Golf Course Architecture: Issue 55 - January 2019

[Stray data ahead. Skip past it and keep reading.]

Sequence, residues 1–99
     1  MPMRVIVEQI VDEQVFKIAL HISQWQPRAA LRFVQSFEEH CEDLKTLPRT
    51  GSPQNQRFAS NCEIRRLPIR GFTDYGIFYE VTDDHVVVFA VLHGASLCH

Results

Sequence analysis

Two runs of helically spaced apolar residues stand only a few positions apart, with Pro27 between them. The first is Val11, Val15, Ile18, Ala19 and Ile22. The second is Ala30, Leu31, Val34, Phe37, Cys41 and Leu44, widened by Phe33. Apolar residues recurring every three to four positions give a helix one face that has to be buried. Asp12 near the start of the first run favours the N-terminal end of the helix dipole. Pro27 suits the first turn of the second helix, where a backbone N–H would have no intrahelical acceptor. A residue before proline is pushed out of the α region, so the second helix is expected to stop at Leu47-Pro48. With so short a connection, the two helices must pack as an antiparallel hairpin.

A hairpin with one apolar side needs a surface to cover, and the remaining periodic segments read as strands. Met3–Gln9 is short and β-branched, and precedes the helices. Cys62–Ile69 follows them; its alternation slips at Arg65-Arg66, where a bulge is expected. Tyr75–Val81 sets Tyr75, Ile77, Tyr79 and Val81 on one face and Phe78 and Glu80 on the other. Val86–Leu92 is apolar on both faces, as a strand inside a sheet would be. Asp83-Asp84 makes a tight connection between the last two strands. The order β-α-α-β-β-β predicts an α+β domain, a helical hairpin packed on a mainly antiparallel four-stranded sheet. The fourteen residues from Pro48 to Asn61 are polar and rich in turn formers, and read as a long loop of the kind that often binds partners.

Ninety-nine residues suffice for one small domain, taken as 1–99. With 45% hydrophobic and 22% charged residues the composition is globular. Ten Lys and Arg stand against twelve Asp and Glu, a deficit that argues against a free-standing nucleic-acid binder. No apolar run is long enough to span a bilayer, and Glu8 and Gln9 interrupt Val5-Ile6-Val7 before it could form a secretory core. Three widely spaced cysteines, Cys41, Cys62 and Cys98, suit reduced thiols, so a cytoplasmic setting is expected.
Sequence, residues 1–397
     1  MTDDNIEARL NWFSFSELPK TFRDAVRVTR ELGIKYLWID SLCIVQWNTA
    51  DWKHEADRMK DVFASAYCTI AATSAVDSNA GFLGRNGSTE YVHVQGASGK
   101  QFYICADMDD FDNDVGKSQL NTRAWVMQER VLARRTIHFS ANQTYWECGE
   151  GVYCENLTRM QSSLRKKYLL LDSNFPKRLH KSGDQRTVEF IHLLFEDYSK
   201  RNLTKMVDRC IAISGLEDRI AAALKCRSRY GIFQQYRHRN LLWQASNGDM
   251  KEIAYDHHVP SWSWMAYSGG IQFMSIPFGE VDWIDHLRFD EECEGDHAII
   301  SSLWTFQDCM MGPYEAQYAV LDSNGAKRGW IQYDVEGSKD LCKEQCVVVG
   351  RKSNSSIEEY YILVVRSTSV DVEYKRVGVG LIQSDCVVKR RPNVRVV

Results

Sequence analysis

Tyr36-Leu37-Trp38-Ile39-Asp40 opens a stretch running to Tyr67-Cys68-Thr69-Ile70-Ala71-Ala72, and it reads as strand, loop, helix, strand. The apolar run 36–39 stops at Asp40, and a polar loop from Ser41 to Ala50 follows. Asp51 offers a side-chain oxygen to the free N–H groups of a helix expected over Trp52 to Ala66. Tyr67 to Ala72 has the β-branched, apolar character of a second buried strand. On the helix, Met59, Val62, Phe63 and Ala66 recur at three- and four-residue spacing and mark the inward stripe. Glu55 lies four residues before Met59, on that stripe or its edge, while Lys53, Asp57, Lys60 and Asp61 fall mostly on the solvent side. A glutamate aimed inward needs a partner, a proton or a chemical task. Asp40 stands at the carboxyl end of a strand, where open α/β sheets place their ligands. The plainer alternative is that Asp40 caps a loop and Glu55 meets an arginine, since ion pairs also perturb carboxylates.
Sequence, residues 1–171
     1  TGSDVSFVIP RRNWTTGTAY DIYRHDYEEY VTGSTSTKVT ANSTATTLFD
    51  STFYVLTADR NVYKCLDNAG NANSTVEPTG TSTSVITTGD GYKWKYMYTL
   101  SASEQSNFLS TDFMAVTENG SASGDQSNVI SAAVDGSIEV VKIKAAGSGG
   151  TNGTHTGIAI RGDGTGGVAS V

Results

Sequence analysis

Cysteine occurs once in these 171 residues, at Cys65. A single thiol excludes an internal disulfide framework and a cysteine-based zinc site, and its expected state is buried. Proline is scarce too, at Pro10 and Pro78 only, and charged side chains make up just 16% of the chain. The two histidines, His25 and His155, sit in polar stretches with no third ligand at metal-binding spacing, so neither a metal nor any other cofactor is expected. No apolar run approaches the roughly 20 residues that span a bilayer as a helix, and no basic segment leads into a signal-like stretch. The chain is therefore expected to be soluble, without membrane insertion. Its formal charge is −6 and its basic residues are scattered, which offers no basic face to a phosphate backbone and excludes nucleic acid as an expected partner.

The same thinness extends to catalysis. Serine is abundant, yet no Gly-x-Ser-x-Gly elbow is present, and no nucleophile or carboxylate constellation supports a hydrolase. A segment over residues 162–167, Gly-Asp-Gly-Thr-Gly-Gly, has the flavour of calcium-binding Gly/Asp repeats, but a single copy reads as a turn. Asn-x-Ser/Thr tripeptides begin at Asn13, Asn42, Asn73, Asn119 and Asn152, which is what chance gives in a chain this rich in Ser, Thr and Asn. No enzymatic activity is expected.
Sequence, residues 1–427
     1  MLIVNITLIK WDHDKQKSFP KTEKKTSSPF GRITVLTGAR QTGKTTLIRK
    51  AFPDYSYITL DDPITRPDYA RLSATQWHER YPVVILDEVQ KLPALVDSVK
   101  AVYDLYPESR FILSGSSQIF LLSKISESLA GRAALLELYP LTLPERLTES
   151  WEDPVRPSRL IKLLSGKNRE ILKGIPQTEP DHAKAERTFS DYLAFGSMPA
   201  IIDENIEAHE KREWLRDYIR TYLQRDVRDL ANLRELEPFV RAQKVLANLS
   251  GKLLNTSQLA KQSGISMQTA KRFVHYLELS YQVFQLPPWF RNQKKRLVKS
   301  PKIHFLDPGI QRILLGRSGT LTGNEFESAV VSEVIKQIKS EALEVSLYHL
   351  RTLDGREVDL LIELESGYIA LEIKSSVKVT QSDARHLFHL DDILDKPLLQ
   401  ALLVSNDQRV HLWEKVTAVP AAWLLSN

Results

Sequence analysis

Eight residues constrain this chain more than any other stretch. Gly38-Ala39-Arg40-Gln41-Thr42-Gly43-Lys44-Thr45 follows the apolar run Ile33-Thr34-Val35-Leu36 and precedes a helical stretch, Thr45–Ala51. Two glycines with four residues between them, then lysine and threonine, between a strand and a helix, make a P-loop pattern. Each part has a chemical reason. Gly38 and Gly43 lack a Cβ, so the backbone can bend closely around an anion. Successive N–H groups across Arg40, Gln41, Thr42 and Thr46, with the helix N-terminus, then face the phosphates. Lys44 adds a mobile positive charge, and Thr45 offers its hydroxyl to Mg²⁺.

41 of puzzles for players to solve. You’d never lose a ball, unless stolen by some passing rodent. But would there be the essential aspect of challenge? Golf is, inherently, a hard game, and people grow to love it because (at least in part) of its challenge. Surely such a course would be lacking in challenge? Having established then that width is good, but there must be a point at which more width stops being better, we are in a position to analyse the question in more detail, and perhaps come to some conclusions about how much width is needed. This, essentially, is the process which golf architect David McLay Kidd has famously been through in recent years. Having created a number of extremely difficult, though spectacular, courses, Kidd re-emerged a few years ago as golf’s Apostle of Fun. At Guacalito de la Isla in Nicaragua and Gamble Sands in Washington state in America’s Pacific Northwest, Kidd built courses that were super-wide and designed to ensure that as many golfers as possible came off the eighteenth hole with a smile on their faces and the same ball in their pocket as they started the round with. And then, at the Sand Valley resort in Wisconsin, he built Mammoth Dunes. Bill Coore and Ben Crenshaw’s original Sand Valley course was big and wide, to the extent that I have related here before a conversation with Coore in which the architect wondered whether courses were getting too big, and about the message that such courses sent out to the rest of the industry. Gil Hanse’s Streamsong Black, built around the same time, is another simply enormous course, where an architect, given a lot of room, has built on a scale scarcely seen before. But Mammoth Dunes was… well it was bigger. The dunes are pretty mammoth, but so is the scale of the golf course itself. It is also, we should note, a triumph; in holes like the seventh and ninth, Kidd and team built on a vast scale, but created holes that no-one who plays them will ever forget. The golf development trend, dating back to Sand Hills, has been to look ever further from ‘civilisation’ – or perhaps more fundamentally, markets – to find great sites for golf. Through Sand Valley, Bandon, Prairie Club, Sutton Bay, Cape Wickham and their like we have seen today’s architects able to display their talents on sites that offered natural suitability for golf, and, unsurprisingly, this has resulted in a string of very fine courses. Typically, by historical standards, very fine, very wide courses. There are two reasons for this. One is that width, as we already established, is good. Two is even more basic. In these remote locations, land is typically cheap, and therefore width is affordable. It would take a deep pocketed developer to ask David McLay Kidd to build a second Gamble Sands in the Hamptons. But, of course, what is successful and cool inevitably has an influence. It is abundantly true that for most golf architects, on most pieces of Harry Colt’s first design, Rye, has been much changed but little extended over the years. Its main defences are the wind and its difficult greens Photo: David Cannon

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